Banff, Day 7 — Week 1

Look, Mom: I performed with Vijay Iyer! — "What's Vijay Iyer?"

Why write difficult music?

A similar question came up in the first English class I took in college, which was amusingly titled "How to Scandalize Readers: Vladimir Nabokov's English Novels." In discussing novels like Lolita, Pnin, and Ada, or Ardor, the notion of hidden points of reference came up again and again—what Nabokov described in the afterward to Lolita as the "subliminal coordinates by which the novel is plotted.” For Nabokov, the subtle details that hold his novels together formally aren't necessarily the point of reading his novels, i.e., our priority in reading his novels isn't to find these details. Instead, these subliminal coordinates provide a framework with which the novelist can operate with broad creative freedom to write works like Lolita—novels that are morally complex and layered with literary and cultural allusions, but read beautifully in themselves as a cohesive story. 

To me, it seems that a commonplace objection to formally complex music (odd time signatures, "non-idiomatic" harmonies, etc.) is "What's the point?" The point of writing such music, I think, is to provide a framework within which musicians are forced to be creative, to respond to musical challenges that require unconventional or novel approaches to rhythm, melody, and harmony. Miles Okazaki mentioned this week that one effect of writing challenging music is to create a situation where musicians can't rely on devices that they've worked out in practice rooms and that they've come to rely on over standards and more familiar settings. It's related to his dictum on practicing: "If you sound good, you're probably doing it wrong." Although the Nabokov analogy only goes so far—the first adjective that comes to mind to describe his writing is "polished," which is the opposite of most improvisations over challenging music—the notion of a hidden formal framework, like in the form of a premise or conceit relating to rhythm, has been helpful for me when reflecting on what it is I imagine progressive musicians today are thinking about when approaching composition and trying to "push the music forward," to use a hackneyed but pretty apropos phrase.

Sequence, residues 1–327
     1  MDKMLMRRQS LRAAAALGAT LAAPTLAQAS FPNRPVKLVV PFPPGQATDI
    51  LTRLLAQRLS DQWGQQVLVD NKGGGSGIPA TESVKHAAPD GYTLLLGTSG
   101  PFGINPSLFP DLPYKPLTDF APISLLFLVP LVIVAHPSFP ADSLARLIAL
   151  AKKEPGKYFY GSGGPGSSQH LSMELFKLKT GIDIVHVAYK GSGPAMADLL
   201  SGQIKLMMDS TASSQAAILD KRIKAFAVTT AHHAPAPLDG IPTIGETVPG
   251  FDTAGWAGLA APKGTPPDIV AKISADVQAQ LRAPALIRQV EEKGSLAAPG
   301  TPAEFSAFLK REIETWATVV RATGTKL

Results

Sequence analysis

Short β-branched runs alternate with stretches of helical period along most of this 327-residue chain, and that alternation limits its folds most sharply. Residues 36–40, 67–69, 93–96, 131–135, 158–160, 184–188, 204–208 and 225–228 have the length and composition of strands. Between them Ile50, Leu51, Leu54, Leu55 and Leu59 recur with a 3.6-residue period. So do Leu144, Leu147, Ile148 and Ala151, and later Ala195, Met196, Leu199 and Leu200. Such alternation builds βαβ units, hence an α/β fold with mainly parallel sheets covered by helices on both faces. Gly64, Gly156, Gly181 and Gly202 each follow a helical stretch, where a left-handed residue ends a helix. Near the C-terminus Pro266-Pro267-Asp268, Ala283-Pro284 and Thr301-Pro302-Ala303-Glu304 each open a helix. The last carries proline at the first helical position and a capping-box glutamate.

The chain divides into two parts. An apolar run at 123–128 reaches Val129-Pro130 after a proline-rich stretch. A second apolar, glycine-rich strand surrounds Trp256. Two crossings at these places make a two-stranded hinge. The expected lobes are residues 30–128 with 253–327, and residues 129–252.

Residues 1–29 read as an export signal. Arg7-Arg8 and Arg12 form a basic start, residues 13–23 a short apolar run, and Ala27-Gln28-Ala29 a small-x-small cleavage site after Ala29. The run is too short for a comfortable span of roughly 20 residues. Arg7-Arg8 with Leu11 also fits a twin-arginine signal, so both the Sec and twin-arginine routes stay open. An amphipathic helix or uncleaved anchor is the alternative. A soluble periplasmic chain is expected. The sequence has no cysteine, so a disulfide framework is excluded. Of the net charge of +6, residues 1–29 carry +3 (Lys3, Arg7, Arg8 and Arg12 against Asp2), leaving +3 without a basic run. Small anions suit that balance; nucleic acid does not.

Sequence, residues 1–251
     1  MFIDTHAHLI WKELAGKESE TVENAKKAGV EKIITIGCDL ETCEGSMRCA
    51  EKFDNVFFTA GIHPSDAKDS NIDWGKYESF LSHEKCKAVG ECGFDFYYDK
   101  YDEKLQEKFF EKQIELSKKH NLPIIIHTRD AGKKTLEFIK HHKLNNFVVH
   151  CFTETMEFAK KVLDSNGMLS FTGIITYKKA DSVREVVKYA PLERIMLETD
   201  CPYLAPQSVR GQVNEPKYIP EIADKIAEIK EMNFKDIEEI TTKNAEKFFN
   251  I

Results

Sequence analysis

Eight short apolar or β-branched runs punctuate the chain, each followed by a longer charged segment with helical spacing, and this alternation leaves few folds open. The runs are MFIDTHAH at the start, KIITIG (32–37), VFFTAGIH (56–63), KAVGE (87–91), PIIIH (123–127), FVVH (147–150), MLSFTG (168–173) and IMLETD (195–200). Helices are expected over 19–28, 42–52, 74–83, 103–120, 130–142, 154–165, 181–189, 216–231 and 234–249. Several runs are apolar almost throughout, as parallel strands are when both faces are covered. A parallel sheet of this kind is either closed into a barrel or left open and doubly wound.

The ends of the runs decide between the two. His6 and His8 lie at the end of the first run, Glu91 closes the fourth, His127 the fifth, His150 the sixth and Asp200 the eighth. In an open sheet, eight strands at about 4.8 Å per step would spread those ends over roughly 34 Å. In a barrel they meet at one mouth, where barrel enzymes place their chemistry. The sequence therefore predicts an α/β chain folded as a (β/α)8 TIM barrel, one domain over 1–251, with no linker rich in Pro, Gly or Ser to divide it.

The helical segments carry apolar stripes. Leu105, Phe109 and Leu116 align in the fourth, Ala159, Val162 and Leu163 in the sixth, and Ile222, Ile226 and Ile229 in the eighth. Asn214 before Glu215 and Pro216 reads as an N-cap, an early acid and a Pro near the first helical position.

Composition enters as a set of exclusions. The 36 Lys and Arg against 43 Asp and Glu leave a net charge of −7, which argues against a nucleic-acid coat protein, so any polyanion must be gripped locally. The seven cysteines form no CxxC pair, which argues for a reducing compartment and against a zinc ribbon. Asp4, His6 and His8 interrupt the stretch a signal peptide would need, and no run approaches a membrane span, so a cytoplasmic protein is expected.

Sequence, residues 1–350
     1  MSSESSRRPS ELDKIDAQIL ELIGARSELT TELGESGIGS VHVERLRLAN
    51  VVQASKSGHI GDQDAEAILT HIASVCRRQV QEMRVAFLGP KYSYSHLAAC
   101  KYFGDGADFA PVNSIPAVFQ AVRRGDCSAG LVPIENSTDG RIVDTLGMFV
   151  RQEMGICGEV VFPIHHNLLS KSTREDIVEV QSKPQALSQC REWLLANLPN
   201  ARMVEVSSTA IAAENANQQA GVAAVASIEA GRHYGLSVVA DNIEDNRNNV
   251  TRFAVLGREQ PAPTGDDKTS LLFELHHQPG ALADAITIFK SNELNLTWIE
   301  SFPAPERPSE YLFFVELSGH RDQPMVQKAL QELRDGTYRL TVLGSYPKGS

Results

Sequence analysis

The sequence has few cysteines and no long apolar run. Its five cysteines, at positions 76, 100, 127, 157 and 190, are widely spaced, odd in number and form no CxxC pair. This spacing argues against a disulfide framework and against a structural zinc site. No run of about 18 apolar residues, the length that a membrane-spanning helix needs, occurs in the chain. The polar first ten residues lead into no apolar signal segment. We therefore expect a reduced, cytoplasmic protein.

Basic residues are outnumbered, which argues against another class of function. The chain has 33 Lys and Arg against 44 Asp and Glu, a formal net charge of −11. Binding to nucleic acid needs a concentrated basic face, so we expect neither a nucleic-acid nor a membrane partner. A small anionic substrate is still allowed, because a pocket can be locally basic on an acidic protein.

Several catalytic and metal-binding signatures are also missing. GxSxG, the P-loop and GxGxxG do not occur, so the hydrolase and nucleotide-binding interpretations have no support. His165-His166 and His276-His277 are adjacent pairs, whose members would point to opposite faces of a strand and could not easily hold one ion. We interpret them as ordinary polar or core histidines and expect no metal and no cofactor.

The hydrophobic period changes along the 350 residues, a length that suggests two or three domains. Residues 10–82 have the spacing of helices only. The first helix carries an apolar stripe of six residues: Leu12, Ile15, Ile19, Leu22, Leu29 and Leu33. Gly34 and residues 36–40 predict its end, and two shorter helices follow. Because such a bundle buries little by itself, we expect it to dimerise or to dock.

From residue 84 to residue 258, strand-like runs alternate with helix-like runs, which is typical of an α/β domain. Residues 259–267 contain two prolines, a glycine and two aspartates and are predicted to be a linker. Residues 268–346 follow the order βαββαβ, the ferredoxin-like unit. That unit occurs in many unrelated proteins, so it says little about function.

The professor of this Nabokov class, Leland de la Durantaye, also mentioned something interesting regarding a "school" of experimental French writers in the 50s and 60s, known as the "Oulipo" group. He recalled how Georges Perec, the most famous proponent of this group of writers, wrote an entire novel (a couple hundred pages) in French without using the letter "e," which would be challenging in English, but is even more so in French (such is the drawback to having so many silent vowels). This kind of a literary challenge, called a lipogram, wasn't unheard of, but Perec published the novel, La disparition, without letting anybody know that he had written the novel with this formal constraint. Interestingly, no critics noticed that the most common letter in French was missing.

What's important here isn't that Perec accomplished some great technical feat, but that he pushed himself to be as resourceful and creative as possible to operate under such a hidden formal framework; in the same way, groups like Fieldwork create music that operates under some formal challenge—often a challenging time signature—but disguise this and attempt to create meaningful music under these constraints. I think it works well, and dispels the notion of elitist music that's "challenging for the sake of being challenging." It's music that is challenging for the sake of forcing musicians to explore uncharted territory and, in the process, produce music that is fresh and original, which is not to say polished necessarily, but at the very least something that we haven't heard before—to use Vijay Iyer's words, music that is "unique to its moment of creation."

***As an addendum, another point to be made about seemingly challenging music is that from one perspective, it might be considered "needlessly complex," but on the other hand, a lot of music that seems that way is really just unfamiliar. This is especially true for odd time signatures—as Miles and others pointed out, there's nothing intrinsically more challenging about playing in 5 or 7 or 21 than in 4—but also for other harmonic schemes or modes of playing.